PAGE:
I am a big fan of George Saunders’ short stories, having really enjoyed Tenth of December and Civilwarland in Bad Decline. In Persuasion Nation is another thematically linked collection which explores a world, somewhat like our own, where consumerism and advertising have taken over and individuality is being crushed in favour of conformity.
Split into four sections, each starts with a quotation from a fictional self-help book by Bernard ‘Ed’ Alton, called ‘Taskbook for a New Nation’ and this new nation is one where persuasion is all.
In these stories, the individual is pitted against the monolith of advertising and any kind of non-conformity is discouraged. It is a brave new world; parents buy computerised masks for their babies, to make them more articulate and interesting – a commodity to show off to friends. In ‘My Flamboyant Grandson’ advertising is tailored specifically for the individual and consumption has become a patriotic act. Try to avoid the advertising in any way and you are slapped with a hefty fine. A good citizen is a consuming citizen.
In one of the strongest stories, ‘Jon’, children are taken from their homes and grow up in a training camp where they become elite trendsetters, shaping advertising trends and becoming celebrities into the bargain.
In the longest, central story ‘Brad Corrigan: American’ we are in a Truman Show style nightmare, where reality television has gone to extremes in order to keep viewers and everyone is living life as a reality television contestant in their own show. In this environment, viewing figures are all and cancellation becomes a life-or-death issue.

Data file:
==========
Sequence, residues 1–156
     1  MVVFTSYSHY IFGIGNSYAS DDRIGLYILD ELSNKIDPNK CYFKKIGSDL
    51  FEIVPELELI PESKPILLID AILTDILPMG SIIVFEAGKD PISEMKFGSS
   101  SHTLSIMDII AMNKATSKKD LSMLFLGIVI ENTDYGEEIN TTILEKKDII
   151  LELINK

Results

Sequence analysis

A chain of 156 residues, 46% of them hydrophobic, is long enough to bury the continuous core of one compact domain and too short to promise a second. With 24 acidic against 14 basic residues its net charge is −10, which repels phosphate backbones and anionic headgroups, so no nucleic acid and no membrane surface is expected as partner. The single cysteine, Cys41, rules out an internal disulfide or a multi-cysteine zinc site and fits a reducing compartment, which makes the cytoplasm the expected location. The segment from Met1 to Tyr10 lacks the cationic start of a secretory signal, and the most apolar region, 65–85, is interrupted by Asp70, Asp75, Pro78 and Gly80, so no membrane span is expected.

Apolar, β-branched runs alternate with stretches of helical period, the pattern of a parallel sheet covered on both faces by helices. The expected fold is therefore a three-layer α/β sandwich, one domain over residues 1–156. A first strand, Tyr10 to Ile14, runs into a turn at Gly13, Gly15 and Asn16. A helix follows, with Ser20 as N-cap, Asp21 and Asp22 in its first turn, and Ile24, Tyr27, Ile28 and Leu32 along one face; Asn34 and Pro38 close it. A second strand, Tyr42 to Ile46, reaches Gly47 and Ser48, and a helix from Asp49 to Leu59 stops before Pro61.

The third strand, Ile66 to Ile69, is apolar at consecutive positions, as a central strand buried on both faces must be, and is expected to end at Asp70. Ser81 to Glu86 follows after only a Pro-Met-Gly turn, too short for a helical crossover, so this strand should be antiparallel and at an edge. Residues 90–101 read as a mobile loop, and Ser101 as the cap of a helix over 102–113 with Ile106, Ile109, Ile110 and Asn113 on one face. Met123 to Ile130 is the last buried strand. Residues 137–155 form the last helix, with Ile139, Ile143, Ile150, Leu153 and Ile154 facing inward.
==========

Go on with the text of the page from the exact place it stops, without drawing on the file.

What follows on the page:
On FinalTwist, five college friends take a sixth to an expensive Italian restaurant, supposedly to introduce him to a hot girl, actually to break the news that his mother is dead. This is the InitialTwist. During the dessert they are told that, in fact, all of their mothers are dead. This is the SecondTwist. The ThirdTwist is, not only are all their mothers dead, the show paid to have them killed, and the fourth and FinalTwist is, the kids have just eaten their own grilled mothers.
The majority of the stories here are surreal and darkly funny, capturing perfectly the ad-speak and euphemism that has invaded our lives through television and social media. Saunders has spliced together a future way of speaking which is both unreal and surprisingly recognisable.
No matter how surreal the worlds he depicts are, Saunders smart social commentary explores how individual lives become deformed and defined by commercial interests, whether we are aware of it or not. He is particularly good at examining how boundaries shift in small, stealthy ways until a new world order has been accepted.
In ‘93990’ a scientific study into the effect of poison on monkeys is derailed by one resilient specimen who is seemingly unaffected by that which is killing his fellow creatures, leading the scientists to unethical decisions. In ‘The Red Bow’ a man, whose daughter has been killed by an infected dog, harnesses the power of one dramatic symbol to convince his townsfolk to cull other infected dogs. What starts with a culling of just infected dogs soon escalates, until all creatures are being slaughtered. What began as a wish to protect children becomes a sanctioned movement with rules and fines for non-compliance.